I’ve spent the past four years observing how Tumblr functions, especially how content is spread on the site, and I’ve developed a theory regarding how some posts manage to pick up more notes. This theory reflects my own experiences as someone who regularly posts original content and has slowly gained several thousand followers. I’m sure that other people have had different experiences. Tumblr is huge, after all.
Every blog on Tumblr has a “reblog coefficient,” which indicates how many notes someone’s reblog of a post will generate. If a blog has a reblog coefficient of ten, this means that at least ten of its followers will like and/or reblog any given post one of its posts.
I call the blogs with the highest reblog coefficients “anchor blogs,” as they serve as anchors for a fandom. Even when Tumblr-specific browser extensions (like XKit) are used, it can be difficult to catch everything that comes along in the rapid flow of the Tumblr feed stream, so people attached to a certain fandom will often visit one or two anchor blogs to check for new content, which they will like or reblog directly from that blog.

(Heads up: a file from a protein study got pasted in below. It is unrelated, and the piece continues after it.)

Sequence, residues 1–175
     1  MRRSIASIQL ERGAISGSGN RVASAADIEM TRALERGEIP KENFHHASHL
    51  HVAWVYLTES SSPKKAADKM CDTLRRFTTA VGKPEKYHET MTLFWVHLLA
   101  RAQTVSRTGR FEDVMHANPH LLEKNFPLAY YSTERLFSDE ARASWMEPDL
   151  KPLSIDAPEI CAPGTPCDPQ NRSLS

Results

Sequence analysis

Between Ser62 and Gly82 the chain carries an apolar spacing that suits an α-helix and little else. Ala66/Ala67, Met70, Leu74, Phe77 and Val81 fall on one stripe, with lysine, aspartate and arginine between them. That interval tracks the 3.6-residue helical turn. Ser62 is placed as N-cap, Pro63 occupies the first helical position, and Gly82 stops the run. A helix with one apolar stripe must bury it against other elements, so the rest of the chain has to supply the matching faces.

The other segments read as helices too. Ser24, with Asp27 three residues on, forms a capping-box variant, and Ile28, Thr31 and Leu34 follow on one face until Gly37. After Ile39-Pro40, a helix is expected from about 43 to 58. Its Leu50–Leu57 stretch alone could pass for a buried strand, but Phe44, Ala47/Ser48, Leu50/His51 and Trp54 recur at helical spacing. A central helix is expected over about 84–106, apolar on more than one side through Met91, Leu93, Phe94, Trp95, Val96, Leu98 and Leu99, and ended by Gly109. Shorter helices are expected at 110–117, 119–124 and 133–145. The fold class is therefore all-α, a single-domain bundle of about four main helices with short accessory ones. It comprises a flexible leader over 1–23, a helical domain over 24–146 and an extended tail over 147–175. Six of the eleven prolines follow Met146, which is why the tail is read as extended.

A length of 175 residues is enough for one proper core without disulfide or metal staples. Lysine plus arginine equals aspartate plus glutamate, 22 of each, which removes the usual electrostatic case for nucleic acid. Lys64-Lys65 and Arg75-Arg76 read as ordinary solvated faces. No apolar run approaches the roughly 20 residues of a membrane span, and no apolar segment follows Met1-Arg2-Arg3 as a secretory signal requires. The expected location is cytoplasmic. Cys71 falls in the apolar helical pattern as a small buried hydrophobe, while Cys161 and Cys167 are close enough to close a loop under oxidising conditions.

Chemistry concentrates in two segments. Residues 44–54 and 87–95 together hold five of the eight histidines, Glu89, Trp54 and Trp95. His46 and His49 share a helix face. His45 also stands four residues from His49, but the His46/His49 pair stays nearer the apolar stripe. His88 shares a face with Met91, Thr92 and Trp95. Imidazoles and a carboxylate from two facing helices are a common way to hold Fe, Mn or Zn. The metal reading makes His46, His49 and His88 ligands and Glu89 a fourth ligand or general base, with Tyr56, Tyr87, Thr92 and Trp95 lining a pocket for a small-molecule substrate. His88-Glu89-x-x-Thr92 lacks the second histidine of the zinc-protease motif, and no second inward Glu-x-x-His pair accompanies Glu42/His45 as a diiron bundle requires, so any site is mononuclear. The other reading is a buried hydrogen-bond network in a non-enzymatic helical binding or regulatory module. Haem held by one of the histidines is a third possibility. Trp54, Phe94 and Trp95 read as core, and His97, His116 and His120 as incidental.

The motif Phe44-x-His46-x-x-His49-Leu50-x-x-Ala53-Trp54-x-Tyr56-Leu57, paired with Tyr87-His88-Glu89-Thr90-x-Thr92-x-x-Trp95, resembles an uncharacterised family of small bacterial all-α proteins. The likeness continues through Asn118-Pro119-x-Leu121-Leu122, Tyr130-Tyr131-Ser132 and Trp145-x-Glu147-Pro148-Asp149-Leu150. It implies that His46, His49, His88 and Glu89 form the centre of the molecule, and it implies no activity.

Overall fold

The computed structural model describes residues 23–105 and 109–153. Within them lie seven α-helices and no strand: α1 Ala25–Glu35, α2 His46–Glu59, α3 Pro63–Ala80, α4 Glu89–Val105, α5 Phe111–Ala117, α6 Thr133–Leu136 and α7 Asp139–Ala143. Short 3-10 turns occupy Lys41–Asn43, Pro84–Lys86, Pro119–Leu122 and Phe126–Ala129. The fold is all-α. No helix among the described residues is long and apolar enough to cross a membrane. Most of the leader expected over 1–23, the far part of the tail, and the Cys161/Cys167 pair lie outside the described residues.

Tumblr has a category of older communities that we can think of as “legacy fandoms,” by which I mean fandoms that have inherited a large number of fans from fic-centric fandom communities on LiveJournal. To give a concrete example, Hannibal is a legacy fandom of Sherlock, which is itself a transitional legacy fandom of Harry Potter. In the larger legacy fandoms, it’s common for fanfic authors to have anchor blogs. Because the essentially visual nature of Tumblr as a platform can undermine the circulation of text posts even within legacy fandoms, however, sometimes fanfic writers will work together to create and co-moderate anchor blogs that are separate from their main blogs.